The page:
Recent pieces address the problematic HONEST Act, why it's so hard to get ahead in the South, what motivates Dr. Willie Parker, and more.
There was always an assumption that the Affordable Care Act would need time to find its sea legs. That’s why it included measures to shield insurers from the potential profit losses that inherently come with offering millions more people better health coverage at more reasonable prices. Show More Summary
The chemical industry rep said transparency will be public confidence in the EPA's chemical safety program. Trump's now appointed her to that office. How transparent will she be?
A commentary by CUNY School of Public Health professor Franklin Mirer describes the ongoing interference by Congress on the science behind the designation of formaldehyde as a carcinogen. His commentary, "What’s Science Got to Do with It?" is timed perfectly for this weekend's Marches for Science.
Immigrant workers who get injured at work now fearful about accessing workers' comp; women ironworkers win six months of paid maternity leave; many home health workers still going without health insurance coverage; and a health care union declares itself a sanctuary for immigrants.
OSHA’s list of bad actors has two new members. An update of the agency's "severe violators" program shows two companies were added since President Trump took office.
Public health is in trouble.
While individuals were attending an international asbestos-disease awareness conference last weekend, HBO comedian Bill Maher was skewering Republicans for their defense of asbestos.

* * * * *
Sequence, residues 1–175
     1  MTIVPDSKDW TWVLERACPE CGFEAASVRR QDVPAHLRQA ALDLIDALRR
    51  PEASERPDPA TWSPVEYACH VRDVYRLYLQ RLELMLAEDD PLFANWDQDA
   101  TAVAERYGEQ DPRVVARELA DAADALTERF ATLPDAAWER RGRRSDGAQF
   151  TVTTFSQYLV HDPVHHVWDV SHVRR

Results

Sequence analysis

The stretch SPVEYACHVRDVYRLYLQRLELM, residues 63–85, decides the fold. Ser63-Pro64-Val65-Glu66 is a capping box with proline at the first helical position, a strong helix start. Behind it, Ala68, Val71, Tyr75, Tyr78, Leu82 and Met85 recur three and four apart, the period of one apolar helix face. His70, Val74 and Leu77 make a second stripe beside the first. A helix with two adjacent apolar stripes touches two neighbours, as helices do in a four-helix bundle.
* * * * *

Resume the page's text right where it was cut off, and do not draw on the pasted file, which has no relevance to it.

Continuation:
To get a clearer sense of just how bad our drug overdose problem has gotten, look no further than this year’s County Health Rankings. The annual report found that after years of declining premature deaths, that rate is on the rise and due primarily to overdose deaths. Show More Summary
The House of Representatives has passed two bills that, if they clear the Senate and are signed by President Trump, will make it much harder for EPA to do the important work of analyzing, warning about, and regulating health threats in the environment.
In February 2017, garment workers in Myanmar, who were enraged by abusive and illegal working conditions, stormed their factory and smashed $75,000 worth of equipment. The worker revolt revealed the broken promises of international clothing brands that sweatshop apparel production would lead to better lives and “empowerment.”
Federal contractors receive billions in public funds despite wage violations; Alabama's auto industry putting workers' lives in danger; OSHA delays life-saving silica standard; and Maryland and Nevada legislators approve paid sick leave measures.
It was a breathe of fresh air speaking to a senior OSHA official who knows they have a job to do and they are doing it.
With House Speaker Paul Ryan now stating that he’s going to try again on legislation to “replace” the Affordable Care Act, it’s worth looking at some of the ways the ACA has benefited women – and how actions from Congress and the Trump administration could affect women’s insurance coverage and access to care.
As a PhD student, Laura Syron had been helping her advisor research workplace safety issues in the Pacific Northwest commercial fishing industry. The project got her thinking about worker safety throughout the seafood supply chain, from the boat to the processing plant. So she decided to do a study of her own.